Tag Archives: Palme D’or

GUEST REVIEW: UNCLE BOONMEE WHO CAN RECALL HIS PAST LIVES (2010)

Guest review by Kevyn Knox of The Cinematheque.

Uncle Boonmee Who Can Recall His Past Lives, by the Thai auteur Apichatpong Weerasethakul (now there are a couple of mouthfuls-and-a-half) is certainly not a film (or filmmaker) for everyone, but if you happen to be one of the lucky ones who can appreciate this dissident director’s young, but deeply-seeded oeuvre, then you will most certainly like this latest film by the man affectionately called ‘Joe.’  Perhaps the director’s best, most fluid work yet, matching or perhaps even surpassing his esoteric treatise on love, Tropical Malady, and his most heralded work, the subtly sublime Syndromes and a Century, Uncle Boonmee (as we will shorten it from here on out) is a grand fable that not only incorporates the folktales we have come to expect from this director, but also the personal and political concerns that have also become a staple for good ole ‘Joe’.

Keeping with tradition (traditions of Thai folklore and of Apichatpong’s stream-of-consciousness works) we get the story of a dying man who is reunited with his family—both living, dead (and in-between)—and the rituals and rites that come with both living and dying (and in-between). We also get, again keeping with tradition, an otherworldly tale that involves mysterious, red-eyed Sasquatchian creatures roaming the jungles of Thailand.  The cinematic works of Apichatpong Weerasethakul can be alluded to (though by no means explained or defined) by the paraphrasing of a cherished Hollywood classic—talking monkeys and tigers and bears, oh my.  The filmmaker’s style of sociopolitical (and oft-times autobiographical) movie making, with his slow, wandering camera, lazily weaving between reality and fantasy as easily as between rural and urban or modern and classic or male and female, and his non-preachy philosophizing—a style that the auteur has captured and made his own—is in top form in Uncle Boonmee.

Still from Uncle Boonme Who Can Recall His Past Lives (2010)Basically (and the story is subversively basic, or primal, if you will) this is the story of the titular uncle, who finds himself dying and invites his sister-in-law and nephew to spend his final days together on his jungle farm. Shortly thereafter, the ghost of Boonmee’s dead wife shows up to help him get through his illness; shortly after that, Boonmee’s long-lost son returns, in the aforementioned Sasquatchian form (the director calls these creatures ‘Monkey Ghosts’). The film gets even weirder from here on in—wonderfully weirder, that is. It was the first appearance of these ominous monkey ghosts, shortly into the film, that sealed the proverbial deal for this critic. After all this, we join Boonmee in what may be his final moments (or may not) deep inside a cave that seems to be the darkened womb of Weerasethakul’s storytelling. A definite mythmaker, Apichatpong, with his unnatural naturalness wholly intact, has managed to deepen my already heartfelt love for his work.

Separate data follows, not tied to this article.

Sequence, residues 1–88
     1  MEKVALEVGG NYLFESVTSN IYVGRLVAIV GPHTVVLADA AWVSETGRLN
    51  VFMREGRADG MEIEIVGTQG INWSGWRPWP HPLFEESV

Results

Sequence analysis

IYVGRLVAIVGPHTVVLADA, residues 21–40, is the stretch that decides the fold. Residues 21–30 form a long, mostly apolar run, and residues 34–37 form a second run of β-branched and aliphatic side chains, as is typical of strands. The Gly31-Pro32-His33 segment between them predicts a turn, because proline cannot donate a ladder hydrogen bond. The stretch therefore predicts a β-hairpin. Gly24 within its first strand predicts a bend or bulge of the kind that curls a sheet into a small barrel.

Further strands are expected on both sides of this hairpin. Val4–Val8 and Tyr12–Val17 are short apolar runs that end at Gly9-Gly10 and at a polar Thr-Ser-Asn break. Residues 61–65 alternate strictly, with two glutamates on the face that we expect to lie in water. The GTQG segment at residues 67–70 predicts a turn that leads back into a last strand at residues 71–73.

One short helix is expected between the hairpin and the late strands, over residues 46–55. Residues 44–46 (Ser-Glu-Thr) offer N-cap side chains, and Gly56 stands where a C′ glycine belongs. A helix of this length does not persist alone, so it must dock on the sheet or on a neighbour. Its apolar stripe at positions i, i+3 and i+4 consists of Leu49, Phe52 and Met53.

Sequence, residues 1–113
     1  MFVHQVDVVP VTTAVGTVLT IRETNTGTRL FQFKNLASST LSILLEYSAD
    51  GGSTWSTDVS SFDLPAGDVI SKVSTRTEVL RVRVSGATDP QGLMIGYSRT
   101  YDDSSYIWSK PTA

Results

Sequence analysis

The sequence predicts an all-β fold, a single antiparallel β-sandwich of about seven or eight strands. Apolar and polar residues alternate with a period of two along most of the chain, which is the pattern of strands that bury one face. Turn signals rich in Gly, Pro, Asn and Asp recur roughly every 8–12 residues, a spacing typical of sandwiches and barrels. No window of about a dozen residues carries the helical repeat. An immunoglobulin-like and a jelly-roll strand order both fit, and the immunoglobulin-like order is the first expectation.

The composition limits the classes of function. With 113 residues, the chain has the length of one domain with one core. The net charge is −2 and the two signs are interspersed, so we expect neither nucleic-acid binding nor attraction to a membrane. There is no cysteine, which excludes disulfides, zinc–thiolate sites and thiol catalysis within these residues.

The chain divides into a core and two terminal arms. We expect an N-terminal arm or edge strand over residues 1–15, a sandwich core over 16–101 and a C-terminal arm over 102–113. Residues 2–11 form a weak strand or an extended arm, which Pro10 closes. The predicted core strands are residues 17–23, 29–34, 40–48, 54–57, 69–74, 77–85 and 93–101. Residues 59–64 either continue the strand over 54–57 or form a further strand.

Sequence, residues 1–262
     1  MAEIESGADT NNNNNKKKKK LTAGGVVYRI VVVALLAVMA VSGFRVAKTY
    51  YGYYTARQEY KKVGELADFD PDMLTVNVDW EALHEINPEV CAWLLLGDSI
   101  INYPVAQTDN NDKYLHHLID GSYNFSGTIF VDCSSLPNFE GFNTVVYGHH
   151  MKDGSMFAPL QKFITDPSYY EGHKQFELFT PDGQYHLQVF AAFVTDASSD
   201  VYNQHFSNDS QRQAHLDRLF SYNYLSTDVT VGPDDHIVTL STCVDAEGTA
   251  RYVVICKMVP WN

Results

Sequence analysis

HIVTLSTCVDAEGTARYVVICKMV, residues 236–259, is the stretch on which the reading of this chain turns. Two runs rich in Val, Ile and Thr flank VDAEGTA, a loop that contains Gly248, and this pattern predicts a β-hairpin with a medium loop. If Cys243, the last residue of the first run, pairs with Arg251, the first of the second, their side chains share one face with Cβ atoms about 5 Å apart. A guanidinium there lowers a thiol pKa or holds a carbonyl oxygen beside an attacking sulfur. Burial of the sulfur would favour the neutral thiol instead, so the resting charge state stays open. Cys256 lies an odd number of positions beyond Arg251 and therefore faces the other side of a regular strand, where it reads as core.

In my initial look at the succulent Uncle Boonmee (written just after viewing the film at last year’s New York Film Festival), I said this of the film: “The proof in the pudding, so to speak, of the mystical quality of Apichatpong Weerasethakul’s cinema, is when you can introduce a talking catfish into the middle of your story (in a seemingly unrelated episode to the rest of the film) and have him ‘pleasure’ a young melancholy princess beneath a beautiful waterfall, and never once does it seem out of place or extraordinary; merely a natural extension of the director’s mythmaking style of filmmaking. When von Trier had his ravenous fox growl out “chaos reigns” in Antichrist, it was meant to be as antagonistic as the filmmaker himself. In Uncle Boonmee, Apichatpong makes it seem like just a natural thing that happens all the time. A talking catfish that goes down on a princess? Sure, why the Hell not.” And I still agree all these months later—why the Hell not.

CAPSULE: THE WHITE RIBBON [DAS WEISSE BAND: EINE DEUTSCHE KINDERGESCHICHTE] (2009)

Recommended

DIRECTED BY: Michael Haneke

FEATURING: Christian Friedel, Burghart Klaußner, Leonie Benesch, Maria-Victoria Dragus, Leonard Proxauf

PLOT: A doctor’s horse is tripped by a wire strung between two trees, and soon

Still from The White Ribbon (Das weiss band) (2009)